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Salt: A World History by Mark Kurlansky
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Salt: A World History

by Mark Kurlansky

Other authors: See the other authors section.

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English (109)  Dutch (1)  All languages (110)
Showing 1-5 of 109 (next | show all)
This book provides more than you could ever want on the subject of salt, covering the global history of salt making as well as recipes involving salt. Although the book is well written and enjoyable to read, the subject is not that exciting. ( )
  M_Clark | Aug 31, 2018 |
I was really disappointed by this.

First of all, it's not a world history. Asia and Egypt are discussed briefly at the beginning, there are a few paragraphs about salt production in the Americas once the Europeans get there, but otherwise, this is a very Euro-centric history of salt.

Secondly, it is almost entirely an economic history. I was hoping for more of a cultural history, with references to art and literature and analysis of what role salt played in culture, but that is entirely absent. Instead, there is a lot of discussion of salt taxes. That's interesting in its way, but not what I was hoping to learn. There is some discussion of the technology of making salt, but the technology is never explained in any detail and is often somewhat confusing.

On top of that, it's just not a good work of history. Kurlansky jumps from one topic to another with no transitions, and often jumps centuries in confusing ways (like quoting a recipe book from the 1960s when discussing Irish salt making in the 1600s). Kurlansky never discusses or analyses his sources. He quotes a lot of recipes, but never talks about how reliable recipe books are or who wrote them and why. Other than that, there are no footnotes or references, and absolutely no discussion of where any of this information comes from.

In other words, this book is just a dry, unflavored list of statements about how salt has been used. There is no central argument to the book and no analysis of any kind. There were parts of the book that had the potential to be really interesting, but Kurlansky managed to make it all boring. ( )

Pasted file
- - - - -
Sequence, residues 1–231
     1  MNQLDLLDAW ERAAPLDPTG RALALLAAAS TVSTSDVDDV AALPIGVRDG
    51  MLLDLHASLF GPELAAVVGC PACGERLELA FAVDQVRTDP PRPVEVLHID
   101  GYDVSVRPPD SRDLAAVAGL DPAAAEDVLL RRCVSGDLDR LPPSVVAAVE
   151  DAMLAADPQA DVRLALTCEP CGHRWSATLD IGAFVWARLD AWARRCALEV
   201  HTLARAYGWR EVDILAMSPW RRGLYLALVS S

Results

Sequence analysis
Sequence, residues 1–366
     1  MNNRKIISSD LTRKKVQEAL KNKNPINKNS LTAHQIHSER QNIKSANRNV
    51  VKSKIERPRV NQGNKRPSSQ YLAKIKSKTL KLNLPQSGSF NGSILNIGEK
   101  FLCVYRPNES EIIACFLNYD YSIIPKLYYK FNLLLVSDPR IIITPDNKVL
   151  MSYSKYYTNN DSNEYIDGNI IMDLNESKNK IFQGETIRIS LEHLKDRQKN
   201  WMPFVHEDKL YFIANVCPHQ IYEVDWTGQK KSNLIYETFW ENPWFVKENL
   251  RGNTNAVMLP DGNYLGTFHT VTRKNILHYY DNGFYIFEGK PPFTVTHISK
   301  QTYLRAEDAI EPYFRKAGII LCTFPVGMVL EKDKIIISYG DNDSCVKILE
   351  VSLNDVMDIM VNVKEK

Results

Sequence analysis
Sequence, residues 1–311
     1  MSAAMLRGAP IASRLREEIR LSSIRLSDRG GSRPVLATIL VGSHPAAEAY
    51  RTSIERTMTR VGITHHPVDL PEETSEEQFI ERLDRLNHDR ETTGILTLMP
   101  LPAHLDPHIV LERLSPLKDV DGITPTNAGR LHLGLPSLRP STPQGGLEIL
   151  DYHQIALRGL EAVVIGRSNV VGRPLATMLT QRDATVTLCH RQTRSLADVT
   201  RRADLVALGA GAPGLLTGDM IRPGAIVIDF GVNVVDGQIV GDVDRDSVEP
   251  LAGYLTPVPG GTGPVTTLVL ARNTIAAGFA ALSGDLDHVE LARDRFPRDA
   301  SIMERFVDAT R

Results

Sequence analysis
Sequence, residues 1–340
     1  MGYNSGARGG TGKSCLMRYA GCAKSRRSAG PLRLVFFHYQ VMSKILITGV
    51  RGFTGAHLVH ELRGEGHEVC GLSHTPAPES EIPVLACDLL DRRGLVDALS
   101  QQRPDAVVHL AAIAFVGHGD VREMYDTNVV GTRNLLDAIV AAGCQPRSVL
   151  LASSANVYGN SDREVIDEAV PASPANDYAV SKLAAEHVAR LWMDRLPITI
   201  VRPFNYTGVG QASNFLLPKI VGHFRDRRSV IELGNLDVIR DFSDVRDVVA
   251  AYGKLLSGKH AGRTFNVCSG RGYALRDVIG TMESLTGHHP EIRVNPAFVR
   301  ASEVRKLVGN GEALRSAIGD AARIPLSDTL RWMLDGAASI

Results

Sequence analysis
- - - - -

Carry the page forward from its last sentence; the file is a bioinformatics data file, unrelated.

1 vote Gwendydd | Jul 7, 2018 |
This book was a disappointment. Given the importance of salt to humans since forever ago, it seemed (and still seems) like a fascinating way to slice history. There was so much rich material here. Unfortunately the book feels like the author did an amazing amount of research—unearthing all kinds of interesting facts about the rock and its connections between better known historical events—and then just ordered this information roughly chronologically and published it as a book. There was no guiding narrative to make it an actual history instead of an endless onslaught of facts, factoids and tidbits about salt, things related to salt, and some things only questionably related to salt. I certainly learned new things and even gained some perspective on history I was already familiar with. It is amazing how I now take for granted some things which had such a major influence on even relatively recent events, but I didn't feel like the time it took to get through this book and the mental energy it required to stay focused on the wandering text was worth what I got out of it. ( )
  dan4mayor | Jun 28, 2018 |